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Grounded in History

Grounded in History

Students in a cross-disciplinary studio create site-specific installations that bring alive the significance of a historic fort and state park in Newport, RI.

Minhee Kang 17 TX hung 12 iridescent woven columns that shimmered and shifted in the breeze in remembrance of a dozen soldiers who once lived in the fort’s barracks.

Built in 1799 to defend the mouth of Narragansett Bay, Fort Adams once served as a training ground and home to generations of soldiers in Newport, RI. Now a state park, it became the catalyst for an inspiring interdisciplinary course this fall that revealed both the challenges and rewards of learning beyond the studio.

Sculpture Critic Chris Sancomb 93 SC and Assistant Professor of Textiles Mary Anne Friel co-taught the studio, which culminated in Drawing Parallels, Listening for Echoes, a public exhibition in early December featuring site-specific work by 16 undergraduate and graduate students.

Faculty members Chris Sancomb and Mary Anne Friel

Sancomb first conceived of the idea when touring the Fort Adams site during the research phase of a design/build project. “I was struck by the architecture, scale and sense of time of the fort,“ he says, “and just kept thinking, ‘what an amazing place for art installations.’ It was clear that it could be an opportunity for students to learn through site-specific installation work while also gaining professional development and real-world experiences as artists.”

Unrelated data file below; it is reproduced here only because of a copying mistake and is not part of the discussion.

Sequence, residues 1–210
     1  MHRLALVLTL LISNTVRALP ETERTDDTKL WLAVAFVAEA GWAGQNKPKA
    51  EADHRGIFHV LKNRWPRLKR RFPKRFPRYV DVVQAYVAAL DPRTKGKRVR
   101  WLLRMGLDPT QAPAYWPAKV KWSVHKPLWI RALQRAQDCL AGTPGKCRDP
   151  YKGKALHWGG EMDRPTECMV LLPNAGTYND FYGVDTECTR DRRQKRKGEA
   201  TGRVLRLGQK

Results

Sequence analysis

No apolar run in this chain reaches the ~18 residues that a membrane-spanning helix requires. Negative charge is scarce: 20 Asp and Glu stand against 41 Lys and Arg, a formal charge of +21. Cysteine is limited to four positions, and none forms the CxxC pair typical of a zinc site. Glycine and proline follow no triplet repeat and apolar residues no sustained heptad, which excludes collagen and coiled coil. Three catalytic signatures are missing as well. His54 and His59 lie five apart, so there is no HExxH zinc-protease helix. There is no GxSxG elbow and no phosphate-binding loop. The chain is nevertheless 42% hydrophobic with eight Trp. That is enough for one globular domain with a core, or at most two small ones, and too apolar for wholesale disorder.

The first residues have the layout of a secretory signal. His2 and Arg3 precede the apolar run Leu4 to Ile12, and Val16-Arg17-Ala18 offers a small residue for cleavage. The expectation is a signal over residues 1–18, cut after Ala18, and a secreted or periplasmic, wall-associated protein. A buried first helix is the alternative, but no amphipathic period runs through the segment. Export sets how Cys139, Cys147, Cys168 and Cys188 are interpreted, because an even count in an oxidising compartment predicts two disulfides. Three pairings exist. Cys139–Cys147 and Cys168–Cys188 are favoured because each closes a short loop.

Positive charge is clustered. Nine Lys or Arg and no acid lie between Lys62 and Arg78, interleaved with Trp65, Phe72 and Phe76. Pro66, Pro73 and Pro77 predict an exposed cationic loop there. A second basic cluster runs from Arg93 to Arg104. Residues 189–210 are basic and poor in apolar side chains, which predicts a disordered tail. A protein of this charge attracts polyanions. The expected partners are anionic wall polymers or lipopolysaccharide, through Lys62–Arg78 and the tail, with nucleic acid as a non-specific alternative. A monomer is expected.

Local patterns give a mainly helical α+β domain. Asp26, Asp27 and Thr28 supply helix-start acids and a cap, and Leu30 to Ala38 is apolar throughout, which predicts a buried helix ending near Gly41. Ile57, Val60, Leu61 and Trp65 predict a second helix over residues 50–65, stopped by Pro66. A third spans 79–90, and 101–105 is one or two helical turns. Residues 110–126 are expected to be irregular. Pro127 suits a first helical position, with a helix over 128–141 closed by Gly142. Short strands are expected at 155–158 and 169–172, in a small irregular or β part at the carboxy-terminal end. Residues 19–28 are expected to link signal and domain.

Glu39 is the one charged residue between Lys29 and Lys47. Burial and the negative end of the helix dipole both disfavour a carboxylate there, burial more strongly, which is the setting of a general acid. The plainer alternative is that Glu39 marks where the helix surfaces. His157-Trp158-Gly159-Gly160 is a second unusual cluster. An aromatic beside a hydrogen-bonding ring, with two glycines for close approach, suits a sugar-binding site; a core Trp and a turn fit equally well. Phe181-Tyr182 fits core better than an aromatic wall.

The resulting collaborative endeavor connected students not only with guest critics, but also with materials vendors, local historians and Fort Adams historians and guides Steve Marino and Rob McCormack, who provided valuable context for developing highly conceptual projects with diverse points of departure. “We draw parallels between the multitudinous history of Fort Adams and contemporary issues, engaging with themes such as property ownership, femininity, environmental consciousness, violence [and more],” students proclaim in the exhibition notes, which they co-wrote with guidance from Jen Liese, director of the RISD Writing Center. “Like history, our work is not limited to just one reading.”

Two students teamed up to create fabric that spells out the word “land.”

For collaborators Malaika Temba 18 TX and Charlie Ehrenfried 18 SC, the sheer scale of the site served as a starting point. “On one of the first days we were given the chance to explore on our own,” says Temba, “Charlie and I ended up being interested in the same spot [the lawn just outside the Northern Gate]. We were impressed by the physical space and knew we wanted to use this opportunity to make something really big.” After looking more closely at how the site had been used historically—as Narragansett tribal land and on a former slave trade route—they used fabric colored with traditional tribal dyes to make a subversive piece that spells out the word “land” when viewed from above.

“Like history, our work is not limited to just one reading.”